1. Predrill holes for jamb screws
Predrill three 1/8-in. holes on each side jamb with a countersink bit. Drill through the “fat” part of the jamb at same height as the hinges on both sides. Some doors require additional fastening between these hinge-height screws. I like to run the countersink portion of the bit far enough in that I can conceal the screw heads with dowels.
2. Caulk the back of the brick molding
Caulk the brick-molding miters and the seam where it connects to the door jambs. Also run a bead around the entire outside edge of the brick molding to help seal it to the sheathing.
3. Plumb both sides in two directions
Set the door in place and center it in the opening. If your door has a plug holding the door closed that can’t be accessed once it’s tipped into place, remove it beforehand. Use a 6-ft. level to make sure the side jambs are plumb in both the in-to-out and side-to-side directions.
4. Partially set center screws
Drive #8 2-1/2-in. screws into the center holes on both side jambs. Drive the screws into the framing but don’t tighten them all the way. This will hold the door in place while you add the shims.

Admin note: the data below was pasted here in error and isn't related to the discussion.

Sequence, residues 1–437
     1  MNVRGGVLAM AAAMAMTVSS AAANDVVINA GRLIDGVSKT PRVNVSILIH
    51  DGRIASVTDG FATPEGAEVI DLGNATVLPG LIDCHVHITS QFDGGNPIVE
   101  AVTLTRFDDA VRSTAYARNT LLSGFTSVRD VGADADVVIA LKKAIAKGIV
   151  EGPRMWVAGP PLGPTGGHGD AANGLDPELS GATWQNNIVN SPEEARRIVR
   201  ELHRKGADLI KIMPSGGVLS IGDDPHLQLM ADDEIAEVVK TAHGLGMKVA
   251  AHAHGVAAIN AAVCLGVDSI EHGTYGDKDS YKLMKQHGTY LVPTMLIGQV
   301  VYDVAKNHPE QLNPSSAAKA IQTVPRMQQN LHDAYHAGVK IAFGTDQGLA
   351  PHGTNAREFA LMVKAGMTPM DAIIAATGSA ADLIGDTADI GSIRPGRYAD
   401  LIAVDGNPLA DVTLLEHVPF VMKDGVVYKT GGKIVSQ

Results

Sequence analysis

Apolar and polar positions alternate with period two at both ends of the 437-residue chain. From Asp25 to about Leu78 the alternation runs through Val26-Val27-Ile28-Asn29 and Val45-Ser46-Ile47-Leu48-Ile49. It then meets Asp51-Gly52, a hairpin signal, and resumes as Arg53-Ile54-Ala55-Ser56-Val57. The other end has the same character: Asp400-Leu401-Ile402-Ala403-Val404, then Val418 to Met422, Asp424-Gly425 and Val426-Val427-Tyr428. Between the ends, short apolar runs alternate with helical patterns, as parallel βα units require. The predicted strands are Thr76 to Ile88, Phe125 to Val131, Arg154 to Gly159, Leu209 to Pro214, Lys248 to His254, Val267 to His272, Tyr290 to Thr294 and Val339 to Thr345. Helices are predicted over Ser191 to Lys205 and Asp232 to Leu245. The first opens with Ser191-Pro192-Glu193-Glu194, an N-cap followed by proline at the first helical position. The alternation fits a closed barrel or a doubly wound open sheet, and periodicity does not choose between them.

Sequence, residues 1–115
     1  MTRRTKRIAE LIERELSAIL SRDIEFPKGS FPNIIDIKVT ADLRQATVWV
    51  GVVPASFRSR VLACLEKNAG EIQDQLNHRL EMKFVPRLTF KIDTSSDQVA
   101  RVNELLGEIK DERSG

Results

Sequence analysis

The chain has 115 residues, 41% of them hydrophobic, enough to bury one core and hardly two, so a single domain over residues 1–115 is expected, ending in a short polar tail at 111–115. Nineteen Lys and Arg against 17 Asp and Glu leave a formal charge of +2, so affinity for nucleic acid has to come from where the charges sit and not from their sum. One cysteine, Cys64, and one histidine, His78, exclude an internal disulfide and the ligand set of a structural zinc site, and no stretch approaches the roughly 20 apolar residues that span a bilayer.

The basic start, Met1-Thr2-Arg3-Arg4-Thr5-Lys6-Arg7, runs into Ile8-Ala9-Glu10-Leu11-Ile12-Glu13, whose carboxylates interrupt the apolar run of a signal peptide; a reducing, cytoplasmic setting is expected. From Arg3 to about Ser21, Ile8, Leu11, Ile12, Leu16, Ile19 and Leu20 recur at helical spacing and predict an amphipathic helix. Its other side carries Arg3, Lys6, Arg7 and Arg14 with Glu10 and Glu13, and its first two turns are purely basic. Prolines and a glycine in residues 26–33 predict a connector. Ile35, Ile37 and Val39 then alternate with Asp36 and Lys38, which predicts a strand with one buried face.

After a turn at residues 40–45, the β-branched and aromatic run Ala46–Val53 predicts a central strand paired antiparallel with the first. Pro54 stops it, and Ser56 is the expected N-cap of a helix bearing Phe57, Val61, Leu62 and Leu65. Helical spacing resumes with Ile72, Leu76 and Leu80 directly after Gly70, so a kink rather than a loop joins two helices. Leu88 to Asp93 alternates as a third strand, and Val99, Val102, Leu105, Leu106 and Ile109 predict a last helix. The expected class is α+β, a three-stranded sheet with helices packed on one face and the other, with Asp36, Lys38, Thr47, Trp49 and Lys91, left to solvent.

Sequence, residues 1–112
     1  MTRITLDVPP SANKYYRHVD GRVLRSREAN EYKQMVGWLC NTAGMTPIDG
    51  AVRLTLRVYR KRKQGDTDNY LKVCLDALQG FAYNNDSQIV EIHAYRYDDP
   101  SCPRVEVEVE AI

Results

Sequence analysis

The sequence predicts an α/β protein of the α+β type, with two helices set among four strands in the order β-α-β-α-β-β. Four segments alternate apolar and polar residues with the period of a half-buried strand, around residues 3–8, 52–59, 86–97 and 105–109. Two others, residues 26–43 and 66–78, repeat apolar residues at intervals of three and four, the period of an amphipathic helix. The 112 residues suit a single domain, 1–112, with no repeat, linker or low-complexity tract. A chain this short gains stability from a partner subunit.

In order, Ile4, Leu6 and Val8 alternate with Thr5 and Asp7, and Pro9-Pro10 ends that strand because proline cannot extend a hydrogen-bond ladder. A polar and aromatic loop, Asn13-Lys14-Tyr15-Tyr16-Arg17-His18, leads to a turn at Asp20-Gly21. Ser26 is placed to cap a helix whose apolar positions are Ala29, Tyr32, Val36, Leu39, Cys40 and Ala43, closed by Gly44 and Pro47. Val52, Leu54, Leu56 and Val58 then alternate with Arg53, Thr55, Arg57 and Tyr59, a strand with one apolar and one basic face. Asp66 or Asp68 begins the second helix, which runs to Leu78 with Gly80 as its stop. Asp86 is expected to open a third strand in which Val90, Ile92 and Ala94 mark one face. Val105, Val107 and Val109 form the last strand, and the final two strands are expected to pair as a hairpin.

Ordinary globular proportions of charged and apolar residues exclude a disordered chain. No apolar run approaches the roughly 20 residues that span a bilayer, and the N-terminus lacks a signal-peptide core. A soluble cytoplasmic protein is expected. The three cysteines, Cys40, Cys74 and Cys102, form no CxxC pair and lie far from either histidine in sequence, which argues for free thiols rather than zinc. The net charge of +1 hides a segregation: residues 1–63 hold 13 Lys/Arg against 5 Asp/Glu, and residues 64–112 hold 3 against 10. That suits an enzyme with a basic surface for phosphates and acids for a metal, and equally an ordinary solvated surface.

Fasten the hinge side
Double-check that the hinge side is plumb and drive the top and bottom screws into the framing, but do not drive them in all the way at this point.
1. Add shims and drive in the screws
At each fastener location, fill the entire gap between the door and the opening with shims so the jamb does not get bowed or pulled out of plumb when fastened. I prefer horseshoe shims, but if the jack studs are twisted, use wedge-shaped shims to prevent the jamb from twisting when driving the screws home.
2. Reinforce the hinges
This door included two #10 2-1/2-in. screws to reinforce the top hinge, but I like to swap in a long screw for each of the lower hinges as well. I install them in the top hole closest to the weatherstripping. Predrill a 1/8-in. hole into the framing before installing the screws.
Fasten the strike side
1. Re-check for plumb
Check again for plumb in both directions on the strike side.
2. Inspect weatherstripping compression
With the door pulled closed, measure the top and bottom of the weatherstripping to ensure that it’s being compressed equally along the entire length of the strike side of the door. Also check to see that the reveal between the panel and jambs are even.
3. Partially set top and bottom screws
If the door panel is not contacting the weatherstripping evenly, adjust the strike-side jamb until it does align evenly, and then secure the top and bottom screws into the framing, but don’t fully drive them in yet.